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Recently in Green City Market Category

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[Expect a lot more people than this at the Green City Market barbecue.| Photo by Jean Lachat]

Ahh, sun. It is the second jacketless day for me, and it is lurvely. But if skeptical you remains unconvinced that spring really, truly has sprung, here's another sign: Tickets for the annual Green City Market chefs' barbecue are on sale now.

The alfresco event at the south end of Lincoln Park has grown immensely since its inception 11 years ago. Tickets back then were something like 25 bucks. Now, they're $100, and there are crowds. But there also is really delicious food and ample opportunities for chef-spotting, if you're into that sort of thing.

The barbecue is from 5:30 to 8 p.m. July 21. Tickets are on sale at brownpapertickets.com and at the market itself, which runs Wednesdays and Saturdays. (For our full guide to area farmers markets, click here.) Worth noting: Tickets won't be sold at the door.

So Bon Appetit magazine is the big sponsor for this year's Chicago Gourmet food fest, to be held Sept. 25 and 26 in Millenium Park.

And of course, Bon Appetit editor-in-chef Barbara Fairchild, speaking this morning in front of Mayor Daley and a roomful of Chicago's finest chefs (seriously - and we're not just saying that), would say that she loves Chicago.

But here's a tidbit we were delighted to learn: In the early '80s, Fairchild was the editor for the late Abby Mandel, the creator of Chicago's Green City Market, who wrote a food processor column for the magazine (and for this paper in the mid '80s).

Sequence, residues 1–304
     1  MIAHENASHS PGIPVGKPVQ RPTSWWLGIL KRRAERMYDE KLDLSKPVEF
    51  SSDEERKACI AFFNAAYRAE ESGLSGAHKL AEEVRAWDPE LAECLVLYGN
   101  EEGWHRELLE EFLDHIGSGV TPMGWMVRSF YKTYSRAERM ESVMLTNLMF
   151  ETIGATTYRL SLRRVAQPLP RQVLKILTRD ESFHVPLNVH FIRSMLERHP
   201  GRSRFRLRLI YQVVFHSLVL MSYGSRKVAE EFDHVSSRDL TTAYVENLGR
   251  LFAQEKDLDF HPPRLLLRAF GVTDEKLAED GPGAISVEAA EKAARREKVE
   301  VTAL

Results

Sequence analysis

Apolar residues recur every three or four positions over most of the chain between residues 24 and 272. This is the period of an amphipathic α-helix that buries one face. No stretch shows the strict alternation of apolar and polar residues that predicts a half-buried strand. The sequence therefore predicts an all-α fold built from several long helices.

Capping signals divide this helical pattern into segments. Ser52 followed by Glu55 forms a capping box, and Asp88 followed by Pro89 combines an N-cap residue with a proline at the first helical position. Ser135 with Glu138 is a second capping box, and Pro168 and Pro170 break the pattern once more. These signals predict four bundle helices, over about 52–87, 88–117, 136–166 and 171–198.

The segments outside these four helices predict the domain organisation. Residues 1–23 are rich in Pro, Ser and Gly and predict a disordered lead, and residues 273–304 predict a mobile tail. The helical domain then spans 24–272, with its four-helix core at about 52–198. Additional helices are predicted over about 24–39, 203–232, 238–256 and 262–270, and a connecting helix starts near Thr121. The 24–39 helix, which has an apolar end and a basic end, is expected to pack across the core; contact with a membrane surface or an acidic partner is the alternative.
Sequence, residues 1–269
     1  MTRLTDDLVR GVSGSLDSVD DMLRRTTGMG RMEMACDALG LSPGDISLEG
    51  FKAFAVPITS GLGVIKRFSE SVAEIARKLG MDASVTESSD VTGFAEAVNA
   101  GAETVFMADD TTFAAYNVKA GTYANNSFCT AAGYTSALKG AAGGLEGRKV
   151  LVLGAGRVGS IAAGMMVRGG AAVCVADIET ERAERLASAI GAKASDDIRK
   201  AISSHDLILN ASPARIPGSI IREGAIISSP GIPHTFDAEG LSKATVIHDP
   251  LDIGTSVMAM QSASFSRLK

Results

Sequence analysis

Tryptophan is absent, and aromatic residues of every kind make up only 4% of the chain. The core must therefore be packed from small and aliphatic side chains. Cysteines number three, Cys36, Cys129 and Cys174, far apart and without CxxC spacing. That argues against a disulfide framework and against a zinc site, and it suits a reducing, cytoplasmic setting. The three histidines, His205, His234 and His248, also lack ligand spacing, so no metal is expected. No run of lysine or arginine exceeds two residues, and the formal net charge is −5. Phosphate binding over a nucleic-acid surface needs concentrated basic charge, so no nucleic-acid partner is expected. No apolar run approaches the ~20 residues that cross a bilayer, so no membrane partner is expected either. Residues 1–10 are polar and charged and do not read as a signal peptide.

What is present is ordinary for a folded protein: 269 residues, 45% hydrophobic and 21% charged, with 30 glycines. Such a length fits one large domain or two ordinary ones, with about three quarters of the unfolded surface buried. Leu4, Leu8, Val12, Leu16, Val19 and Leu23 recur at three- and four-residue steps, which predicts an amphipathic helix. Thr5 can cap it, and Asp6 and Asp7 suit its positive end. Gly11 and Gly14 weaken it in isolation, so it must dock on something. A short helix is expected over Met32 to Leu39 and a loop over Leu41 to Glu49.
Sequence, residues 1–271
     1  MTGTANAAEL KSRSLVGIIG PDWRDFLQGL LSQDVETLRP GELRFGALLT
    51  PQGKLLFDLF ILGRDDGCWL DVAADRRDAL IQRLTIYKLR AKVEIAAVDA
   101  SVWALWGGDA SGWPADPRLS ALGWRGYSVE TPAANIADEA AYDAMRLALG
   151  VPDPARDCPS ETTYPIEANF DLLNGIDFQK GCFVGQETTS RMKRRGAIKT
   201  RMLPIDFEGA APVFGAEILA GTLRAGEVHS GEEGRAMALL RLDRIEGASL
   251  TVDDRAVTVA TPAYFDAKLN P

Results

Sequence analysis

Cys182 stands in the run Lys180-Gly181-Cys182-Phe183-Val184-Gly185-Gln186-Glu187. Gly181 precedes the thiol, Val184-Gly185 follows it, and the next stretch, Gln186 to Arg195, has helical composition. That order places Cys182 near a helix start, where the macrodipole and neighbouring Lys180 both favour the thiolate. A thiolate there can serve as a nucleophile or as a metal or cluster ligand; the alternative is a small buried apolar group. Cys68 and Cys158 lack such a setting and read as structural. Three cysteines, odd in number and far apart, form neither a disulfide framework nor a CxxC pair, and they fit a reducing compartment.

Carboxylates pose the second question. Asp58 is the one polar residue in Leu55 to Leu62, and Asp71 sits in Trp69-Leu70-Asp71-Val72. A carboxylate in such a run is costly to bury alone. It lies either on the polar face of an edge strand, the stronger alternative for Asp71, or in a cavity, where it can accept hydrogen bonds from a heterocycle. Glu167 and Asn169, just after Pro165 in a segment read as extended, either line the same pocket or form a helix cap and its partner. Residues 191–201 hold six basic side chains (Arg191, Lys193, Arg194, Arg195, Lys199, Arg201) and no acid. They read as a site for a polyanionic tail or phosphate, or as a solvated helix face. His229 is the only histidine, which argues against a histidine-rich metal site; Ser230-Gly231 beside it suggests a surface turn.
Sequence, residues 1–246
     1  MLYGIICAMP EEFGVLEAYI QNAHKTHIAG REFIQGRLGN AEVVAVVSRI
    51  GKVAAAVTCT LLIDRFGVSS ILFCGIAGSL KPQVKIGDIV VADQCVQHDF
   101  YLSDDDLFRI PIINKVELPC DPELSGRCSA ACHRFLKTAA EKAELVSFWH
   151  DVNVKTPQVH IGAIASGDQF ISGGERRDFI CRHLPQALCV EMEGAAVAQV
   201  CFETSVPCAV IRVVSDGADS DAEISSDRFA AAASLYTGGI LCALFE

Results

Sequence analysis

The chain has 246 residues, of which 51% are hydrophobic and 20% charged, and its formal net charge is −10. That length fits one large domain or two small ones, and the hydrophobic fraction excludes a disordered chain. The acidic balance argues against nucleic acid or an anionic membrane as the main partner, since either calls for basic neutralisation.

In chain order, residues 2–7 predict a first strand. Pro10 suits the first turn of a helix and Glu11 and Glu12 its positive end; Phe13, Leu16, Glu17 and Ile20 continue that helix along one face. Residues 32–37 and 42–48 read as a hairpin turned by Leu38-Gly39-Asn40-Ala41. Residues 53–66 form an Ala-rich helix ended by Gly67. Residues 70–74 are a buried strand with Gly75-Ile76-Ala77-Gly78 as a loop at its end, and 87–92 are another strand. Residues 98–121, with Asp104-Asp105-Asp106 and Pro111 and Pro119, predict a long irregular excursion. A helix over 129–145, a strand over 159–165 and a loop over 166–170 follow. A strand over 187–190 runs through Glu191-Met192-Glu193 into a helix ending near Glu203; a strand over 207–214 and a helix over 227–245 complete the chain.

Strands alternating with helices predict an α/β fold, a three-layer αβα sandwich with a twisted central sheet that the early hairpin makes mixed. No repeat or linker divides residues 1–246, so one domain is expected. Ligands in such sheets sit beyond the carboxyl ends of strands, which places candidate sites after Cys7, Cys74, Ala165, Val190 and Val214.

"She was really the one who gave me so much enthusiasm for this city," Fairchild said. "You have here some of the most talented, smartest chefs working today.

"And as I know," she added cheekily, "it only takes 25 years to become an overnight sensation."

Chicago Gourmet attendees will be able to hobnob with Fairchild, other Bon Appetit editors and Iron Chef Cat Cora at the September festival under the Bon Appetit Marketplace tent. Also new this year: a pavilion hosted by the National Association for the Specialty Food Trade. Think of it as a mini-Fancy Food Show. McCormick Place lost the annual trade show in 2008.

And speaking of Mandel's legacy, the Green City Market's annual chef's barbecue -- set for Thursday in Lincoln Park -- is, once again, sold out.

By guest blogger and New York writer Seanan Forbes

NEW ORLEANS -- Some foodstuffs come with stories that are as nourishing as a meal. In this economy, tales of unanticipated success are particularly welcome.

Twenty years ago, Loretta Harrison was a medical librarian at Louisiana State University. Then, she learned that Jazzfest needed someone to make New Orleans' most famous candy, pralines. Harrison made a few batches from a family recipe -- and cooked a new life for herself.

In two days at the festival, Harrison and her pralines pulled far more than she was earning in the university library. She shelved the bookish life and opened Loretta's Authentic Pralines, 2101 N. Rampart. When the store's door opened, Harrison became the first black woman to have her own candy company in New Orleans. lorettaspralines_2056_0.gif

Harrison's a born sharer. Come into her store and choose your fill of pralines, cookies and cake, and she's likely to give you the one thing you missed ... just to try. That's kitchen wisdom for you: Sit, rest, eat. People do, and return to do so again and again.